In October 2022, OPEC+ countries cut oil production by two million barrels per day – their first production cut since 2020. This time, the Western powers were outraged that the Gulf countries would collaborate with Russia in the middle of the latter’s war of aggression against Ukraine. However, the Gulf countries have their own national interests. They see opportunities in exploring new partnerships in an increasingly multipolar world. They need to safeguard their fiscal stability and fund development projects for the post-oil age. By the mid-2030s, global oil demand could level off – as, indeed, Saudi Aramco warned in its 2019 IPO prospectus. How will OPEC+ fare when OPEC meets next, in June 2024? All cartels are inherently unstable. Free riders try to benefit from higher prices without maintaining quota discipline and cutting production, like Iraq did during the Arab oil boycott of the 1970s. And then there are the newcomers, encouraged by artificially high prices. If the reduction in oil production in OPEC+ countries continues, the partially lost volumes may be compensated for by increased production in non-OPEC ones such as the US, Canada, Guyana, and Brazil. Traditional producers from the Middle East would lose market share like they did in the early 1980s. Energy transitions will likely impact on oil demand in the medium- to long term as well. If history is a guide, OPEC+ will then falter – albeit in June 2024 it might still be successful in keeping its cartel together for now.

How Would Gulf Sovereign Wealth Funds React If the West Seized Russian Assets?

Western countries have taken the unprecedented step of freezing USD 300 billion in Russian assets in the wake of the latter’s ongoing war of aggression against Ukraine. Now the G7 wants to discuss at its next meeting in February 2024 going a step further, namely by seizing those assets and using them to pay for restoration work in Ukraine (Tamma and Politi 2023). This is ringing an alarm bell with sovereign wealth funds (SWFs) in the Gulf countries and China, given they hold significant assets in Western capital markets and jurisdictions. The investment authorities of Abu Dhabi, Kuwait, and Qatar belong to the largest SWFs worldwide. More recently, Saudi Arabia has developed its Public Investment Fund into and internationally active investor, rendering it completely different from the passive investor and sleepy holder of domestic assets that it was only a few years back (Roll 2019).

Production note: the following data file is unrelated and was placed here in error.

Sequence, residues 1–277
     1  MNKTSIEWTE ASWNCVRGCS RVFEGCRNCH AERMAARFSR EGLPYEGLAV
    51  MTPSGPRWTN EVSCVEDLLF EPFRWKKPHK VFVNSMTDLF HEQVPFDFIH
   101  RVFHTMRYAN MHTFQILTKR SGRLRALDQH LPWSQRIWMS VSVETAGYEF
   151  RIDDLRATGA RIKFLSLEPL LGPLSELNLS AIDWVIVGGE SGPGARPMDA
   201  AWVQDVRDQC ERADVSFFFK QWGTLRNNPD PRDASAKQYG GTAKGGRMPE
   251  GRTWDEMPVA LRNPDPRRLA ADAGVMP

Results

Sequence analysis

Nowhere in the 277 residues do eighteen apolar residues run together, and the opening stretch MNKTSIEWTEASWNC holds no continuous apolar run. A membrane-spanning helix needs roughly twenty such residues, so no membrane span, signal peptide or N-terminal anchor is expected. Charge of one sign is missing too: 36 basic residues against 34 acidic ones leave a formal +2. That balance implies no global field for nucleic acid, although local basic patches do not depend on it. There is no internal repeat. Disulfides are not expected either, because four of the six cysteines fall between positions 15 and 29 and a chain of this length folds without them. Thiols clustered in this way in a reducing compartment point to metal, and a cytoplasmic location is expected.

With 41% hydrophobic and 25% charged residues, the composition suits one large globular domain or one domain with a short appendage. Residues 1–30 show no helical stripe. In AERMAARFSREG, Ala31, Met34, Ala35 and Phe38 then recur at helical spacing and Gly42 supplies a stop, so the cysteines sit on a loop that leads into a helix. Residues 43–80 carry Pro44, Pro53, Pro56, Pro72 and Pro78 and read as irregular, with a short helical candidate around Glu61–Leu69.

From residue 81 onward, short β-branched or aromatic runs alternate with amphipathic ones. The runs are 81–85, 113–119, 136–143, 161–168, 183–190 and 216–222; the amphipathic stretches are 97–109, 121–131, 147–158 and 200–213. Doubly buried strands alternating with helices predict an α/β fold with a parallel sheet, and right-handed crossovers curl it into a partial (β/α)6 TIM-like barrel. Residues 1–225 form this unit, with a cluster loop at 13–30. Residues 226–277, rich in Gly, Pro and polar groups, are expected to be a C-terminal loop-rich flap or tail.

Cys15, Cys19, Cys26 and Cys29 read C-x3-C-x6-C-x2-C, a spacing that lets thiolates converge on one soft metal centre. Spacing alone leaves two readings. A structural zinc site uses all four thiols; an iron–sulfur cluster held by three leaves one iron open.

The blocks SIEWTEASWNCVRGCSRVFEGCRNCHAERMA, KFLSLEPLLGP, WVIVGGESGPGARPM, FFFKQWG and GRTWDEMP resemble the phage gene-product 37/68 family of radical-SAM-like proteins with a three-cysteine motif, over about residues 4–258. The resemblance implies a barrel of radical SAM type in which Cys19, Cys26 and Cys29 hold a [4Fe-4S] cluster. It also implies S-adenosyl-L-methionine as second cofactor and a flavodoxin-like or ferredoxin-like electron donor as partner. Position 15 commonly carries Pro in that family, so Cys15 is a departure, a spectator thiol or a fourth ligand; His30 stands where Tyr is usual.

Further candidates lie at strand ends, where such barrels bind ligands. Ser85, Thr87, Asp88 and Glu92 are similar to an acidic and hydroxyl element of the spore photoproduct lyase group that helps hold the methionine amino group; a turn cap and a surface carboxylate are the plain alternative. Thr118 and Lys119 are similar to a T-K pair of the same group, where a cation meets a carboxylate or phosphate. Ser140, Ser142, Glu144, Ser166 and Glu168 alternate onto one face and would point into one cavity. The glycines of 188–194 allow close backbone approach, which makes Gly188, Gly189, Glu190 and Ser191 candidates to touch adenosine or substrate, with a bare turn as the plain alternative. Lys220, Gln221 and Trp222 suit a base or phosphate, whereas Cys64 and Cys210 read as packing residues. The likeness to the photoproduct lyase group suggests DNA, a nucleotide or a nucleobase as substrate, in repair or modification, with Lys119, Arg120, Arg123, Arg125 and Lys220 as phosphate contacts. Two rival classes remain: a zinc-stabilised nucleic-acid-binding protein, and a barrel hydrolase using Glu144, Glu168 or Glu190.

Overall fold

The very term “SWF” was only coined in 2005 at the time of the second oil boom. Gulf SWF assets have since swelled. During the financial crisis of 2007/8, they often acted as white knights for Western banks and companies facing financial turmoil. Heavy investment was thus made in companies such as Deutsche Bank, Barclays, and Volkswagen. The US, with the help of other Western countries, has increasingly weaponised the global financial infrastructure such as the SWIFT payment system (Farrell and Newman 2019). The Gulf countries have not been targeted by Western sanctions like Iran and Russia have, but they have faced such threats in the past. During the Arab oil boycott of the 1970s, the US even threatened to inflict a unilateral food embargo on the import-dependent Gulf countries (Woertz 2013). Against this backdrop, the threatened seizure of Russian assets will likely prompt them to diversify assets away from Western markets. They have already increased the share of emerging markets in their portfolios. The year 2023 also saw increased gold purchases by sovereign entities. So-called petrodollar recycling was a crucial aspect of international financial stability during the oil booms of the 1970s and early years of the new century, but this continuing to happen cannot be taken for granted in the future. This GIGA Focus deviates from the series’ typical format. It is the joint product of several GIGA Institute for Middle East Studies staff members. Eckart Woertz contributed the section on the administration of Gaza after the war, Jens Heibach authored the part on the Yemen War, Mira Demirdirek and Sara Bazoobandi wrote the one on regional elections. Hager Ali addressed Egypt’s growing importance as a mediator, André Bank looked at Syria’s regional re-integration. Nils Lukacs examined the possible implications of a Trump victory on US policy in the MENA. Deema Abu Alkheir authored the section on the future of Israel’s normalisation process with some countries of the region. Mohamadbagher Forough analysed the growing importance of China regionally as Europe struggles to maintain its influence there. The parts on OPEC+ and Gulf SWFs were written by Eckart Woertz and Olena Osypenkova, who also jointly edited this GIGA Focus.

First published in :

German Institute for Global and Area Studies

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Prof. Dr. Eckart Woertz

Director of the GIGA Institute for Middle East Studies / Editor GIGA Focus Middle East 

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Olena Osypenkova

Doctoral Researcher